Yet showing visible signs of distress is a building on Nnamdi Azikiwe Street. The three-storey structure is just one among the many houses that are home to pharmaceutical shops. The front of the house is a waiting bay for inter-state passengers travelling with the several vehicles loading in the area. Oblivious of the hovering danger, the passengers could be seen seated patiently on benches placed directly under one of the houses’ cracked balconies.

A walk down the Adeniji Adele axis, also unveiled several houses at the brink of imminent collapse. One is located on Oduntafa Street, another grotesque-like structure can be found on Iga Idugaran Street, while yet another is on Enuowa.

The stretch of Onigbale Street, one of the narrow, winding streets behind the palace of the Oba of Lagos, lurks several structurally defective buildings bidding their time before the inevitable happens.

A walk into the crowded inner streets leads one to houses on Oju-Olobun Street. The two imposing architectural eyesores are partially deserted, while petty traders occupy and display their wares in every available space in front of the houses.

A concerned resident, Abimbola Ojo, said despite having some blocks falling off, people still go about their daily chores in the buildings unperturbed. She said the authorities have been notified about the poor condition of the structure, but no response had been received.

“I don’t know why government always pays lip service to issues that have to do with human lives. With the rate at which buildings are crumbling here, we expected that concrete steps would have been taken to forestall future bloodletting from collapsed buildings. We hope they would do something before it claims lives,” she said.

Many people have maintained that corruption on the part of government officials charged with the responsibility of ensuring and enforcing building codes, ignorance, human errors, carelessness and error of intent by greedy developers and landlords are responsible for frequent cases of building collapse on the island.

In the words of a building expert, Uche Akanobi, buildings without legal architectural specification should be pulled down promptly, rather than marking them for demolition and abandoning them.

Blaming the frequent cases of collapsed buildings across the country on the quality of professionals handling the projects, he noted that the presence of unprofessional engineers against the actual engineers and compromises of standard play huge roles in collapse disasters.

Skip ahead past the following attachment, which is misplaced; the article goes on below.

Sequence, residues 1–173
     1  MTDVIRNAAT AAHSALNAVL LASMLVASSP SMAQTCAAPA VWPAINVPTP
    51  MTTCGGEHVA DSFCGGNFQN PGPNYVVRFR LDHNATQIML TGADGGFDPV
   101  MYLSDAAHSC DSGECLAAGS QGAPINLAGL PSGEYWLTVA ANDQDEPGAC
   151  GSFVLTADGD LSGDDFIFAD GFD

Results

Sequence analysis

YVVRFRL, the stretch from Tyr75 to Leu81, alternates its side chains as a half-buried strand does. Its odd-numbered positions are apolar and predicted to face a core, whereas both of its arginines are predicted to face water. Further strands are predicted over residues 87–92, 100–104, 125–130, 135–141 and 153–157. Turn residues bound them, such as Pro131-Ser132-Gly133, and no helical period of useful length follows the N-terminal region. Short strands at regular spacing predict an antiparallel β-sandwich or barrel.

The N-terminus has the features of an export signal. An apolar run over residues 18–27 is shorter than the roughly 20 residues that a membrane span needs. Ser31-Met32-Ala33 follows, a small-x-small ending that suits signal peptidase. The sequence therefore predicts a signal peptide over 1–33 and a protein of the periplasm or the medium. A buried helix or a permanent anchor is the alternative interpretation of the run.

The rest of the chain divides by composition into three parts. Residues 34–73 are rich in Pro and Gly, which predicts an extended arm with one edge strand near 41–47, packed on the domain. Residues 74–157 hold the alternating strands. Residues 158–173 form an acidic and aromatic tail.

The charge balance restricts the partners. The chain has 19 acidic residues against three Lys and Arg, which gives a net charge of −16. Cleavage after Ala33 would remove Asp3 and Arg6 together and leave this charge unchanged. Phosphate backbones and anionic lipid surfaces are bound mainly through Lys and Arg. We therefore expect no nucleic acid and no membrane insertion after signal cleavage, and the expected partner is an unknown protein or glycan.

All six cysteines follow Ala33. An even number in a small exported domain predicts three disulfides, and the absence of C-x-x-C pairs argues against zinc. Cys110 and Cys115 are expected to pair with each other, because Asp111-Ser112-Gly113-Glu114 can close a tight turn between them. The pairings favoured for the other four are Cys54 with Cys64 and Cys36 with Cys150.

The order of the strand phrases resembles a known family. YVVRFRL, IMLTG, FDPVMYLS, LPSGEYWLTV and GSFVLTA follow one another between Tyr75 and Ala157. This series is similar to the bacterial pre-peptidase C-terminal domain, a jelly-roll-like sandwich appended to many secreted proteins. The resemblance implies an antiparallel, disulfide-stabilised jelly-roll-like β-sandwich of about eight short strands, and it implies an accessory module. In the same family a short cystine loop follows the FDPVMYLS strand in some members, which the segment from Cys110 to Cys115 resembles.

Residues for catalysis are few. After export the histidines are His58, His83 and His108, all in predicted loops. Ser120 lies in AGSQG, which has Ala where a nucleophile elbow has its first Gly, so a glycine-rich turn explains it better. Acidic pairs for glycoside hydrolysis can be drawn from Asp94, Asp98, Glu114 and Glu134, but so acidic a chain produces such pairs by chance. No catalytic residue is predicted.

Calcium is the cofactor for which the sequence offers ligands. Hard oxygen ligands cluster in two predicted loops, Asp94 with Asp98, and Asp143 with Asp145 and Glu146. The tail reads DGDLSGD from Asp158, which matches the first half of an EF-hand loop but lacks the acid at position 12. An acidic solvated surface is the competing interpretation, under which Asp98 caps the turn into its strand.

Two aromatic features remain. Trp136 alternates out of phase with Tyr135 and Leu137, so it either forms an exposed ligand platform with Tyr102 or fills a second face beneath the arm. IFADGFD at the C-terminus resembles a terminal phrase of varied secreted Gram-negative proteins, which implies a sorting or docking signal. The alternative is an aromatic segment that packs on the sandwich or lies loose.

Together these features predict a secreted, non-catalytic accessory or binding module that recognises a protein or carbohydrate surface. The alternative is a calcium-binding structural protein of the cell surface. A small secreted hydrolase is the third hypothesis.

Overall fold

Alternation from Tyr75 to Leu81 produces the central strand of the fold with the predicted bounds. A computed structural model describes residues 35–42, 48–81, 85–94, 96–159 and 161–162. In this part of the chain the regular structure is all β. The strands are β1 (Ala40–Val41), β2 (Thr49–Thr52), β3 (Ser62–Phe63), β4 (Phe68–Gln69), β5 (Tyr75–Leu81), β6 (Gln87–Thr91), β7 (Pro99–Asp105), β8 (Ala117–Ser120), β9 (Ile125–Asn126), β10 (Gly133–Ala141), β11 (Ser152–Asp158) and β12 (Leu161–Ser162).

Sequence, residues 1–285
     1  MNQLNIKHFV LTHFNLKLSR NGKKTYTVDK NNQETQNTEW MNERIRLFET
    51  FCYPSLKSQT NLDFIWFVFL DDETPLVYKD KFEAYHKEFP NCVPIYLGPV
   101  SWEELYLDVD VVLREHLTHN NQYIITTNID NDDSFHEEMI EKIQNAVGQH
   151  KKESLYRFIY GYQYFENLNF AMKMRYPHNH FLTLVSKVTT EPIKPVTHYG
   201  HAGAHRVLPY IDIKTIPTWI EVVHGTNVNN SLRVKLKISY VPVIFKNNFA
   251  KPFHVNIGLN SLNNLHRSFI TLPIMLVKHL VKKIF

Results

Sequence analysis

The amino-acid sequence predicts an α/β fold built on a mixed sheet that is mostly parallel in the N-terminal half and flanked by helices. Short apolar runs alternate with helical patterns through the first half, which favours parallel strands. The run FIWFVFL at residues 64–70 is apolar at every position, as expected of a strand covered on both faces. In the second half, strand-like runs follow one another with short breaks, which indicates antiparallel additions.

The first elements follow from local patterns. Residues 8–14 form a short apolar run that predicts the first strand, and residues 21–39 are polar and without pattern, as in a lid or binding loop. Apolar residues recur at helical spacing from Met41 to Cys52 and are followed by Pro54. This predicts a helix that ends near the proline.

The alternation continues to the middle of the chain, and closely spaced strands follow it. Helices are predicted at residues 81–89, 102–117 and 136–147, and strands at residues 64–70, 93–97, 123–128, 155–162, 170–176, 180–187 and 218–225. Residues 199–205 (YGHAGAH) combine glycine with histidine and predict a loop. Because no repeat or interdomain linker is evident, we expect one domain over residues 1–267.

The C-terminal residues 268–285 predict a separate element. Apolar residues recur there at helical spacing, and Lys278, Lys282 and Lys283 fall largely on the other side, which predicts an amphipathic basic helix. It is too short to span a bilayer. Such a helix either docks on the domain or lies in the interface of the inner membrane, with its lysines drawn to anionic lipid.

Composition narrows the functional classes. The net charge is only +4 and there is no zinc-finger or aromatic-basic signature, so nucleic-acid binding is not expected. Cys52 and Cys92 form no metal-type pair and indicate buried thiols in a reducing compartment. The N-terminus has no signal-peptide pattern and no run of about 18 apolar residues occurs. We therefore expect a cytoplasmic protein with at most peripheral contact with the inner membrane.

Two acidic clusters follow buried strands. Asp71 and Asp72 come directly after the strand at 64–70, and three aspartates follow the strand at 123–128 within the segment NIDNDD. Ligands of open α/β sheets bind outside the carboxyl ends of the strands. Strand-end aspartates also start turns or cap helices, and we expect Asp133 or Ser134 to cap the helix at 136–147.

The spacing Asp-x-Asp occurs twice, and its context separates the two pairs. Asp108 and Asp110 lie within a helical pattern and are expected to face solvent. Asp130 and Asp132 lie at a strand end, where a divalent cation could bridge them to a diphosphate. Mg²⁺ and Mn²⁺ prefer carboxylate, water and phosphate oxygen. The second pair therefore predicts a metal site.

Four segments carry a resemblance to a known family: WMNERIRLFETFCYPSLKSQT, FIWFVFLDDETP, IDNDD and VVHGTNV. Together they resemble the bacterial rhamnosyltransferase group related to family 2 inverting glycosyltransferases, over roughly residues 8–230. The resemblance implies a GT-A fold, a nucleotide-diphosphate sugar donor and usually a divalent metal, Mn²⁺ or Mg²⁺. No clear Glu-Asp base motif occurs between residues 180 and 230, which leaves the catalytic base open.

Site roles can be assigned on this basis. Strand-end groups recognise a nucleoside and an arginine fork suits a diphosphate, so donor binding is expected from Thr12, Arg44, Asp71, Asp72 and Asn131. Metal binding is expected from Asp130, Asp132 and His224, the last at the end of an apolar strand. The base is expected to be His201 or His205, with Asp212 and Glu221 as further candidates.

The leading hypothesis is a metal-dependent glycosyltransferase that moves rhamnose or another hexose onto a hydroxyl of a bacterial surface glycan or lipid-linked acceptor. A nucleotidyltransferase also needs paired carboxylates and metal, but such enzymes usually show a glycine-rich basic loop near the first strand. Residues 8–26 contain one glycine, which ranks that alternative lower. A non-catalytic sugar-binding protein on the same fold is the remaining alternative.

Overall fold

He maintained that it was time the construction industry woke up from its seeming slumber and take responsibility to curb the menace.

During the administration of President Olusegun Obasanjo, a National Building Code was passed into law by the National Assembly to guide construction of buildings in the country.  

Also, in 2007, the Lagos State House of Assembly passed a bill tightening the existing laws controlling the construction of buildings in the state. The bill was quickly signed into law by Governor Babatunde Fashola in 2008.

The law stipulates that every stage in the construction process of a building must be approved by supervisors from the Lagos State Ministry of Physical Planning and Urban Development, and that construction materials must be tested at the state approved testing laboratory. The law also instructs that ministry officials assigned for the supervision of any building that eventually collapses will be prosecuted.

Another step taken to curb building collapse malaise was the enactment of the 2010 Physical Planning, Urban Development and Building Control Law of Lagos State which provided for the creation of the Lagos State Building Control Agency (LASBCA), an agency meant to ensure the enforcement of building control regulations in the state.

Many have, however, said it remains to be seen how all these would impact on the way buildings are designed and constructed in the state. They lamented that despite the law and town planning regulations, building designs approvals are given and obtained easily when cash exchanges hands.

Stressing the need to embark on structural audit of properties on the Lagos Island, especially within the Central Business District (CBD), a former President of the Nigerian Institution of Structural Engineers, Mr. Kunle Adebajo, said most of the houses on the island were built a long time ago, which explains why they are showing visible signs of structural weakness.

He noted that even the buildings put up for residential purposes have been converted into storage and other commercial uses, thereby weakening them.

He, however, advised property owners and residents of the houses to be wary of danger signs like cracks.

“For anyone with properties in that area, the best thing to do is to get a structural engineer to assess the building.”